Mercedes GLA buyer’s guide
Mercedes GL A FROM £17,000 SUV has performance, equipment and is fine to drive, but it’s pricey
What you need to look out for on big-selling crossover
MERCEDES is no stranger to the SUV sector; it introduced its legendary G-wagen almost four decades ago, in 1979. While that car was distinctly utilitarian, Mercedes has since introduced more road-biased SUVS and one of the more recent is the GLA, which is, in effect, a jacked-up A-class.
As a result the GLA shares most of that car’s characteristics such as the basic shape, interior packaging and cabin design. There’s plenty to like, but it all comes at the premium prices that Mercedes charges. That hasn’t stopped the GLA being a new-car hit though – so should you take the plunge?
THE GLA went on sale in November 2013. The range kicked off with the 136bhp 1.6-litre GLA200 and 211bhp 2.0-litre GLA250, the latter coming in front or four-wheel-drive (4Matic) forms.
Diesel fans could choose between 136bhp GLA200 CDI or 170bhp GLA220 CDI editions, both featuring a 2.1-litre engine. The more powerful unit was also available with a 4Matic transmission.
While the GLA200 and GLA200 CDI had a six-speed manual gearbox as standard, a seven-speed dual-clutch transmission was fitted as standard to the GLA250, GLA220 CDI and any car with 4Matic.
The 355bhp 2.0-litre GLA45 AMG arrived in spring 2014, three years before a revised GLA reached showrooms.
ALL GLA engines have four cylinders; the diesel should be more refined than it is, but it still makes the most sense because it offers plenty of muscle with the potential for 55mpg economy in the real world.
The manual gearbox is fine to use but the seven-speed automatic makes driving the GLA very relaxing, which is why it’s the transmission to go for; it’ll also make the car much easier to sell on. All GLAS are well equipped, but the options list is extensive, with lots of packs available, so establish the exact spec of any potential purchase. The key trim levels are SE, Sport and AMG Line; the GLA45 AMG gets its own equipment list.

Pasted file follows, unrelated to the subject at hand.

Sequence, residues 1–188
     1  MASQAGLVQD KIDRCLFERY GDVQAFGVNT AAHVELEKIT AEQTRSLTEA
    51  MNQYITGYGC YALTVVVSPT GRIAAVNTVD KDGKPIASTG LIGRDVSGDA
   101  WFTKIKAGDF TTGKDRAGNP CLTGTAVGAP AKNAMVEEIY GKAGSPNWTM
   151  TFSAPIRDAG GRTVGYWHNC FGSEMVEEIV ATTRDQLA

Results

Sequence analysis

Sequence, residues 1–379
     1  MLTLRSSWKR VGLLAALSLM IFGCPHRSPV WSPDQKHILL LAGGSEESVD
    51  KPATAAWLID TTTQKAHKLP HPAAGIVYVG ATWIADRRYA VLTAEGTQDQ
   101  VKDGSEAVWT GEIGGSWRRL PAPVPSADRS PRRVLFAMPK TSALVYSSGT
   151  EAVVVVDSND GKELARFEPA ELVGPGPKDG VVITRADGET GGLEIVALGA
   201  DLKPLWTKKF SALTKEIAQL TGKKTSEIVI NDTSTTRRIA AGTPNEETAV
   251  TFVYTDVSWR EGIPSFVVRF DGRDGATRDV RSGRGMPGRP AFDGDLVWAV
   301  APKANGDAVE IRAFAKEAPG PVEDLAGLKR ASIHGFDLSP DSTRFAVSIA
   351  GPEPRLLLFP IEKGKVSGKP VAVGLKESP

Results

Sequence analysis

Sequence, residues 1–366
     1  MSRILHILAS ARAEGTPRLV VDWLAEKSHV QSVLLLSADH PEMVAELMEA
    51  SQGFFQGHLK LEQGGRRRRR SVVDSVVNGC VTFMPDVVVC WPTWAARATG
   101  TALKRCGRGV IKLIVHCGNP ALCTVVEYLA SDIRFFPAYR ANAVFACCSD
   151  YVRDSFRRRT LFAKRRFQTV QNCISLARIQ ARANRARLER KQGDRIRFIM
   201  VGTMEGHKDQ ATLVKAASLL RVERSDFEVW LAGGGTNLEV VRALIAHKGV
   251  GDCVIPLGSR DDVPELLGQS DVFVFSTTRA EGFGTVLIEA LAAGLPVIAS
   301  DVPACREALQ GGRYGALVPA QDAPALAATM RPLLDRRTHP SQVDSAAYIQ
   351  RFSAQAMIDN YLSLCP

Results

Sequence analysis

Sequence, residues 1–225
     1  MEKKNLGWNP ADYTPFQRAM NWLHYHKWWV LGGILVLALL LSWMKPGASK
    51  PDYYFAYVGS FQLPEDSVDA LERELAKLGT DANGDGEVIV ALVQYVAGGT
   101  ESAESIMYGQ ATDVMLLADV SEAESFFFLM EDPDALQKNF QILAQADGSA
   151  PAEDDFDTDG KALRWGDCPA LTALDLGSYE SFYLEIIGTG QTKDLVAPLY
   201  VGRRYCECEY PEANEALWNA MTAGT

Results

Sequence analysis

WHILE the original BMW X1 wasn’t a very convincing car, the second-generation model that arrived in 2015 is a cracking crossover with efficient engines, excellent build quality and an inviting driving experience. Like the GLA, it’s no bargain.
The Audi Q3 is also very accomplished and while its driving experience and cabin design are rather clinical, it’s an easy car to recommend with its strong, refined engines and decent reliability record. A Mazda CX-3 is a less obvious alternative that’s great to drive, has a very high-quality feel and excellent engines. While its practicality is compromised, it’s very good value.
The ageing Range Rover Evoque is worth a look, too, now that prices have dropped.
IT’S easy to see why the GLA has been such a success for Mercedes, because it has loads of showroom appeal.
Most models have plenty of performance, a lot of standard equipment, and can cover long distances with ease, but the GLA has shortcomings, so you need to make sure that this is the right car for your needs.
It’s not as practical as it should be and it doesn’t have the elevated seating position of some rivals. Prices are steep and while it’s fine to drive, the handling is inert. Still, the GLA should impress your neighbours.
Buying cars “Most GLA models have good performance, a lot of standard kit and can cover long distances with ease”
ALTHOUGH the GLA didn’t get into the 2017 Driver Power satisfaction survey, the third-generation A-class did. It just finished 69th, beaten by the Audi Q3 (13th), Kia Sportage (12th) and Volvo XC60 (ninth). Owners rated the A-class’s running costs and reliability, but not its engine, gearbox and safety kit.
DAN Burridge, from Crawley, owns a GLA220 CDI. He says: “I do a lot of long-distance motorway trips and the GLA is ideal; it’s stable at speed, forward visibility is good thanks to the raised seats and economy is excellent. It could be better ergonomically, but the car has been faultless and the cabin feels like it’ll last forever.”
Fit and finish are good, but the busy dash takes familiarisation and the aftermarket-look of the multimedia system also polarises opinions. Seats are supportive and rear space is good, but a high window sill makes it feel cramped. Boot space is average at 481 litres, or 1,235 litres with the seats down.